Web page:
Abu Dhabi - This was given emphasis by various transport service companies at second Road Safety Day
The UAE roads have become safer after the new federal traffic laws came into force in July this year but more needs to be done to ensure that the country will have fewer casualties due to road accidents.
This was given emphasis by various transport service companies at the second Road Safety Day organised by Serco, a global transport service company, in partnership with RoadSafety UAE, in Abu Dhabi on Tuesday.
David Greer, Serco Middle East CEO, told Khaleej Times that road safety is a collective responsibility - from the government to the public and private sectors to the motorists and the pedestrians.
"Roads are shared spaces, so everyone has to care for one another. Road safety involves teamwork; to protect each other, we have to act like our brother's keeper," Greer explained.
It is in this regard, that the transport companies, despite being competitors, are banding together to boost safety awareness campaigns across the country.
"We share our best practices on driving and these are important tools to promote safe driving among our staff and other road users. Such campaigns focus on the top causes of road accidents which continue to be speeding, tail-gating and the distractive effects of using mobile phones while driving," Greer added.
Captain Salem Mesfer Rashid Alamimi from the Dubai Police said that fines, even if they are hefty, "don't actually reduce accidents but education does".
"Some people who are rich, they don't actually care about stiff penalties. So, we have to talk to them and educate them about safe driving. We also reach out to various communities and share information on safe driving. And we ensure that we put enough police cars in places where there are high incidences of road accidents," he added.
Captain Alamimi also said that Dubai is on track to achieve its target of reducing the number of road fatalities to zero per 100,000 residents by 2020.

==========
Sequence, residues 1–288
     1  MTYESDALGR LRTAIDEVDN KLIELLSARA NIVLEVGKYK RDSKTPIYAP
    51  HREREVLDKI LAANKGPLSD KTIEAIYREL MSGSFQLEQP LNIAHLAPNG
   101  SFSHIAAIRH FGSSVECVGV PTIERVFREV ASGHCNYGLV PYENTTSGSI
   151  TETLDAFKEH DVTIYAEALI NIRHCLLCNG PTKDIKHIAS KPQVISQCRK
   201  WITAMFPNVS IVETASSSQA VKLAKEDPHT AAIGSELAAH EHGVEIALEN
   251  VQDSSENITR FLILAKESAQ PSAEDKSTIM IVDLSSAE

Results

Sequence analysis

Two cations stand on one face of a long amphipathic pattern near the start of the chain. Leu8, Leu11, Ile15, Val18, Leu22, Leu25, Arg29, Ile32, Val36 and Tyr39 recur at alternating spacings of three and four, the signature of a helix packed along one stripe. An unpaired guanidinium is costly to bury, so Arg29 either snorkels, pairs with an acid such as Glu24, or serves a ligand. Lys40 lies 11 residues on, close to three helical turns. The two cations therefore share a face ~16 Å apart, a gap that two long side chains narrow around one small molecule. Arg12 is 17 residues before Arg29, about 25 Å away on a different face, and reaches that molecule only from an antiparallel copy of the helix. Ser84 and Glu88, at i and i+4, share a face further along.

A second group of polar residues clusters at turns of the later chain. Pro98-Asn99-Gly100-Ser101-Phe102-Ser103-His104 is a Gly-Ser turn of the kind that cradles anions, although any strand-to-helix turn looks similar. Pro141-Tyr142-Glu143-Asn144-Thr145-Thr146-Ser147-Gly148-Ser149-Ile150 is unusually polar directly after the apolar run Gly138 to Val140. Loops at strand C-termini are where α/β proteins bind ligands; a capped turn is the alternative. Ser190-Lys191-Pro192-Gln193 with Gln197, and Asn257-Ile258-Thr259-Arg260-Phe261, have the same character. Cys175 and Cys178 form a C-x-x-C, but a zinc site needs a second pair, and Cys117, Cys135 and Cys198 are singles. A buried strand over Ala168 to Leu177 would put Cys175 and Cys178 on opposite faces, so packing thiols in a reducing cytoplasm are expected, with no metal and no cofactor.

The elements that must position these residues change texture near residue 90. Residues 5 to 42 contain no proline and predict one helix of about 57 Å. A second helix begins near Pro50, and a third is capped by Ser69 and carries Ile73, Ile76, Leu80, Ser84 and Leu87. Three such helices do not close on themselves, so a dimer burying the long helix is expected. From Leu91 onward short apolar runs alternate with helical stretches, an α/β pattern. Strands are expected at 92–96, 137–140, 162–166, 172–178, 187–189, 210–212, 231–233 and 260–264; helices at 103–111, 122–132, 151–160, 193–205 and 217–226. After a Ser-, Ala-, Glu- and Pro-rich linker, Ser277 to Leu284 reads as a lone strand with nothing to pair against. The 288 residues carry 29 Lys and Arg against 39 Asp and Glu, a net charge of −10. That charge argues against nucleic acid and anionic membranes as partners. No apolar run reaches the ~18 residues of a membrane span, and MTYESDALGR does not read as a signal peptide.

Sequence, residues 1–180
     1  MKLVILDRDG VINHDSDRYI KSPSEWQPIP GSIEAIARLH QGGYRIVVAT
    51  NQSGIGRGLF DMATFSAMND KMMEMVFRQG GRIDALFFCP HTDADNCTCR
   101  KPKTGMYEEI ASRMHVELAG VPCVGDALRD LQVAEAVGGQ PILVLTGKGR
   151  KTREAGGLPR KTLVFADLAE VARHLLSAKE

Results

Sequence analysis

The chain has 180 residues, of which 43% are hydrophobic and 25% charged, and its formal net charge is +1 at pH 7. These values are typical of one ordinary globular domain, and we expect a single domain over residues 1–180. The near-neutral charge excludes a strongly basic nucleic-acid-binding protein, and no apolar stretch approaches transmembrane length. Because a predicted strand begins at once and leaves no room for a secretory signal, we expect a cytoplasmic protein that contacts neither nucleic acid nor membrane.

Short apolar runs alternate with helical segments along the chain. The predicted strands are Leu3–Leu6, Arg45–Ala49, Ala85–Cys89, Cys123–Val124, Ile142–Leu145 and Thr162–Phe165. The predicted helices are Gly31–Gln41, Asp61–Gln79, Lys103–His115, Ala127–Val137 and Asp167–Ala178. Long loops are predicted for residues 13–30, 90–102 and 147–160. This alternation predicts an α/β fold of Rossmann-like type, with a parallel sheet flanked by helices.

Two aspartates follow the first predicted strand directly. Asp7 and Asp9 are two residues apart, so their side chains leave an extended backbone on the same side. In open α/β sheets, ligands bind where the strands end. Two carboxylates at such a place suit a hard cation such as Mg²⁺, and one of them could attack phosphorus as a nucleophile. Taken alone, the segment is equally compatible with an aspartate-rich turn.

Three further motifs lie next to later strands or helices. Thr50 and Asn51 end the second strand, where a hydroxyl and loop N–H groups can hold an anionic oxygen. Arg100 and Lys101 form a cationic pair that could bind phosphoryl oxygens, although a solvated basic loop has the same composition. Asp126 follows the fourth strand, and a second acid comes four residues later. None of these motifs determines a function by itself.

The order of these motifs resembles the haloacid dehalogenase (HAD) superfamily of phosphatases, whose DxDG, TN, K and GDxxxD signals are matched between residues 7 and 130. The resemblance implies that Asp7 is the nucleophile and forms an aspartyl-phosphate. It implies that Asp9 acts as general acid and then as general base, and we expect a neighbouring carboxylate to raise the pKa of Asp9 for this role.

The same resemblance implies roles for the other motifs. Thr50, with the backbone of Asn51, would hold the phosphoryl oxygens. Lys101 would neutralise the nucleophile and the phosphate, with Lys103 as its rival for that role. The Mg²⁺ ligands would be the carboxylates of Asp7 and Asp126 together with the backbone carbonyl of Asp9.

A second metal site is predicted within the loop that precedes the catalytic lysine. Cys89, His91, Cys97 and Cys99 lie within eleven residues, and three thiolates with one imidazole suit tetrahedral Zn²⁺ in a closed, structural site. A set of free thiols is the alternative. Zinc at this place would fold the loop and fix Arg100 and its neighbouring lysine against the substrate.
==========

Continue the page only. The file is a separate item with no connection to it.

Ian Littlefield, QHSE (quality, health, safety, environment) manager of Dubai Driving Centre, agreed that Dubai is in a good position to achieve this safety target as it is always looking at best practices from around the world and improving them for the emirate.
Meanwhile, a recent study commissioned by RoadSafetyUAE and QIC Insured and conducted by YouGov, revealed that "drivers in the UAE have become a lot more safer than they were six months ago".
According to the fifth cycle of the 'UAE Road Safety Monitor', only 41 per cent survey respondents felt UAE roads have become more dangerous, compared to 49 per cent in the previous cycle. Respondents who experienced tailgating dropped by 12 per cent while distracted driving and lane swerving also posted a decrease.
Thomas Edelmann, founder and managing director of RoadSafetyUAE, noted: "UAE motorists observed less lane swerving, less speeding, less distracted driving, less tailgating and overall less reckless driving.
But despite these very positive trends, more needs to be done, as the absolute levels of perceived misbehaviour are still high. The hard work of all involved stakeholders must continue, especially with regards to education and creating awareness for proper conduct."